Previously, the Nigerian government had intended to scrap all subsidies on petrol. Now they will only be partially removed. The change comes as a response to a huge backlash over the move. A general strike called by Nigeria’s trade unions led to the closure of shops, banks and public offices. The paralysis of the country over the last few days was estimated to be costing millions of dollars and raised anxiety about further fresh terrorist attacks.
n a public broadcast, the President acknowledged the “hardships being suffered by Nigerians” and agreed to a new cap on petrol prices. This will still represent a 50% increase from January 1st. However the change is viewed as a large concession to public demands, though the complete removal of the cap is not ruled out for the future.
Critics say the ending of subsidies on petrol will affect Nigeria’s poorest most heavily. The average daily wage in the country is just 2 dollars. Strikers also voiced their resentment about government corruption and mismanagement, which is seen as responsible for the failure to tackle widespread poverty. 64% of the population live below the poverty line.
According to a recent article in the Economist, the situation is particularly dire in northern regions of the country. Whereas wealth is beginning to filter down in parts of the oil-rich south, three-quarters of northerners live on less than 200 dollars annually. This is well below the poverty line and there are fewer social programmes to support the neediest.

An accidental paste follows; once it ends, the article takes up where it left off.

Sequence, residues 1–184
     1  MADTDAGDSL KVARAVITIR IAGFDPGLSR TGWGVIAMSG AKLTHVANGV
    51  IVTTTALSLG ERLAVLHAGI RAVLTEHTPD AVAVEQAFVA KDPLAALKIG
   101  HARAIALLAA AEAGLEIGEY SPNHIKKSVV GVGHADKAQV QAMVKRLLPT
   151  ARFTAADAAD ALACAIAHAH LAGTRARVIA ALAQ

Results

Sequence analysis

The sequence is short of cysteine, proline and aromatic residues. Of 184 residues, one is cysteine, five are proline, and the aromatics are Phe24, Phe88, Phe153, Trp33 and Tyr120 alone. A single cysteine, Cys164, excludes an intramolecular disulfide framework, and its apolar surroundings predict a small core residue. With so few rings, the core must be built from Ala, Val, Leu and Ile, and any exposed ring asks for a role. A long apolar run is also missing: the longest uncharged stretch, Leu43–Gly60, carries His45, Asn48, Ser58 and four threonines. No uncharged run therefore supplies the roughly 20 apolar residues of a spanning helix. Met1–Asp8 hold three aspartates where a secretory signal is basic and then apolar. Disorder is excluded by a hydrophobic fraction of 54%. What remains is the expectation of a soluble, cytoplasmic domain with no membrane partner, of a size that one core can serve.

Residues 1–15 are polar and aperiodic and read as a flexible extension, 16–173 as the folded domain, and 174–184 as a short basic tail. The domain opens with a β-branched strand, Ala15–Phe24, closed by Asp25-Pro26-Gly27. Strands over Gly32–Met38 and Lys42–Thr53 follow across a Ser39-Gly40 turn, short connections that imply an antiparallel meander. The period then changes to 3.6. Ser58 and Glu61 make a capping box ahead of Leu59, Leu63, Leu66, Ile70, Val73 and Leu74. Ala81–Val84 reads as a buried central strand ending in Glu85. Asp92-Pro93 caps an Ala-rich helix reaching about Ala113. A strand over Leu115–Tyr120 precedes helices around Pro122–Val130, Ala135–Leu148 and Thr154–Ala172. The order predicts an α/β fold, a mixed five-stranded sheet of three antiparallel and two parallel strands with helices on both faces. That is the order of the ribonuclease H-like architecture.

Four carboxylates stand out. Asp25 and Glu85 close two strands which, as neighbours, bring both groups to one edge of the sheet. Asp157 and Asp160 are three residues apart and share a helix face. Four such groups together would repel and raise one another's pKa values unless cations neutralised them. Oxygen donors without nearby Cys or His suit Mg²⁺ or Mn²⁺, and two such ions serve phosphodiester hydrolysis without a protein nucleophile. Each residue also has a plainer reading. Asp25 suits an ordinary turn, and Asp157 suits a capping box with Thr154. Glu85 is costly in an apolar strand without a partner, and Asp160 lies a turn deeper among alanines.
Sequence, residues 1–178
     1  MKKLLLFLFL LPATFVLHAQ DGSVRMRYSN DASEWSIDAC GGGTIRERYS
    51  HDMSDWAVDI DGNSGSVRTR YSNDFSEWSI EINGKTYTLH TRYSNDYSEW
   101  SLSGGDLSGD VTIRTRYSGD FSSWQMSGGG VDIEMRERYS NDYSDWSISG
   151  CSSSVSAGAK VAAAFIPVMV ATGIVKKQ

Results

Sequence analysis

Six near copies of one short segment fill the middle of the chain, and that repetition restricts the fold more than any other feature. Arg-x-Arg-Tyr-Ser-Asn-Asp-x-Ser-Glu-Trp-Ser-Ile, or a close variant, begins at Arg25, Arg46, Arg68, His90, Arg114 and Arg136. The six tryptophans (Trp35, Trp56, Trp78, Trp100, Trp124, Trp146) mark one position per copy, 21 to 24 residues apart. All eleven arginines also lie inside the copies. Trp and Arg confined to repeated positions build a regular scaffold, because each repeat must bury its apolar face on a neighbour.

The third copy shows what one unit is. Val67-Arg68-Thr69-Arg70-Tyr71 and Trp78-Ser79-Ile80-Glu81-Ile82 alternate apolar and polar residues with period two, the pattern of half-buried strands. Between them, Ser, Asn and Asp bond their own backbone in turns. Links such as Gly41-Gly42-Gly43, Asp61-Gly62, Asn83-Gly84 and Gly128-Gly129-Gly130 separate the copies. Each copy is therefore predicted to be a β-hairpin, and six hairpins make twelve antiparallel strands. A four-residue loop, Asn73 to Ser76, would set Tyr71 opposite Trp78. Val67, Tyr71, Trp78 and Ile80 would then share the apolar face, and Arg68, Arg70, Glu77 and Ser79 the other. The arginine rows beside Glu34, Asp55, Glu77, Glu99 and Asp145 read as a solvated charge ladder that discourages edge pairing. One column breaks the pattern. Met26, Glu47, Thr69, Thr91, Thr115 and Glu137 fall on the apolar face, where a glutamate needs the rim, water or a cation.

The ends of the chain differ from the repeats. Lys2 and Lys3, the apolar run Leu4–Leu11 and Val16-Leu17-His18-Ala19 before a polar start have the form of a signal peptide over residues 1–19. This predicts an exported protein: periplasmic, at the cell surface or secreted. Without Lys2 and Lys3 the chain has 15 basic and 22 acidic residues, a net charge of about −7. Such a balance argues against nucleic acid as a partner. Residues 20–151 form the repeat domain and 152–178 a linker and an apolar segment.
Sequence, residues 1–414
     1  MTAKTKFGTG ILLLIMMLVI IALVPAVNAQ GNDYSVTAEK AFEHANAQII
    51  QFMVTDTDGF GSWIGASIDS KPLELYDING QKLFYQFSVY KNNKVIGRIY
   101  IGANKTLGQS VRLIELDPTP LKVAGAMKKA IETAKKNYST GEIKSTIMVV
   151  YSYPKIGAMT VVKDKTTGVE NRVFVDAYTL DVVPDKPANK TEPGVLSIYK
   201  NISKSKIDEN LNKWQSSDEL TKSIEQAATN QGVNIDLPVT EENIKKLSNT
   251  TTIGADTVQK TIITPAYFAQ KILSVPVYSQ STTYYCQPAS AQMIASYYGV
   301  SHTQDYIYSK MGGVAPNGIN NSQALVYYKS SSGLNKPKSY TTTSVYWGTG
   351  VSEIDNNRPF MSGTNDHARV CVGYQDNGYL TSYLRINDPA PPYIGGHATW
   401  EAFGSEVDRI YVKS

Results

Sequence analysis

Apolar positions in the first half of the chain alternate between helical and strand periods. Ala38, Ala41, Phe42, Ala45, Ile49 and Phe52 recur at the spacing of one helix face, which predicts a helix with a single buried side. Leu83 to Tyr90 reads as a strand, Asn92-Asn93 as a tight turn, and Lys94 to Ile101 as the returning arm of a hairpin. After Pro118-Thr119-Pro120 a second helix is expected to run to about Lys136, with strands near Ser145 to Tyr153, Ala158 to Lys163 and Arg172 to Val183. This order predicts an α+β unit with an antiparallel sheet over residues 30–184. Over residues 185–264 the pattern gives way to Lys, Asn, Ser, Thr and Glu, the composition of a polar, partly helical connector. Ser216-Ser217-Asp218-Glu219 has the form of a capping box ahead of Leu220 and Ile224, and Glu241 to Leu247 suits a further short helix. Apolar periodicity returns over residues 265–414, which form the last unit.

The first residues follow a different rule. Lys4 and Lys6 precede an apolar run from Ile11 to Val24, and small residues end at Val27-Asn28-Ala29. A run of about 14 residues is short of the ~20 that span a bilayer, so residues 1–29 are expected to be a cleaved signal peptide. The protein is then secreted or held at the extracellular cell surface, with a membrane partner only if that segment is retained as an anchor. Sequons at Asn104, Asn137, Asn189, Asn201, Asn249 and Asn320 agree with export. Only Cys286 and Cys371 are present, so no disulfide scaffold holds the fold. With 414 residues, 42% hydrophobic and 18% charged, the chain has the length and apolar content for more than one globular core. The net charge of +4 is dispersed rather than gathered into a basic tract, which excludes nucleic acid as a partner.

The country’s 80 million Muslims living in the north blame their situation on a loss of political influence since the ending of army rule 12 years ago. Resentment in the region is growing and bombings have recently occurred in a number of cities. Muslim extremists are blamed and much of the north has been put under a state of emergency, warranting the use of large-scale military operations. However, experts say the presence of the troops only serves to exacerbate local resentment.
The Economist report highlights how the Nigerian government managed to defuse unrest in the southern Niger delta, which until recently suffered from years of political violence. The people of the delta also felt they were victims of inequality and lack of development. But in 2009, a new deal was introduced in the region offering militants a pardon and cash payment. Education and vocational training programmes were also offered. Complete peace has yet to be established, but the amnesty deal has gone a long way to reducing unrest in the delta region. Some observers therefore wonder if the money going into military operations in the north – 20% of the federal budget on security – wouldn’t be better spent on development schemes or an amnesty fund for terrorist groups in the north.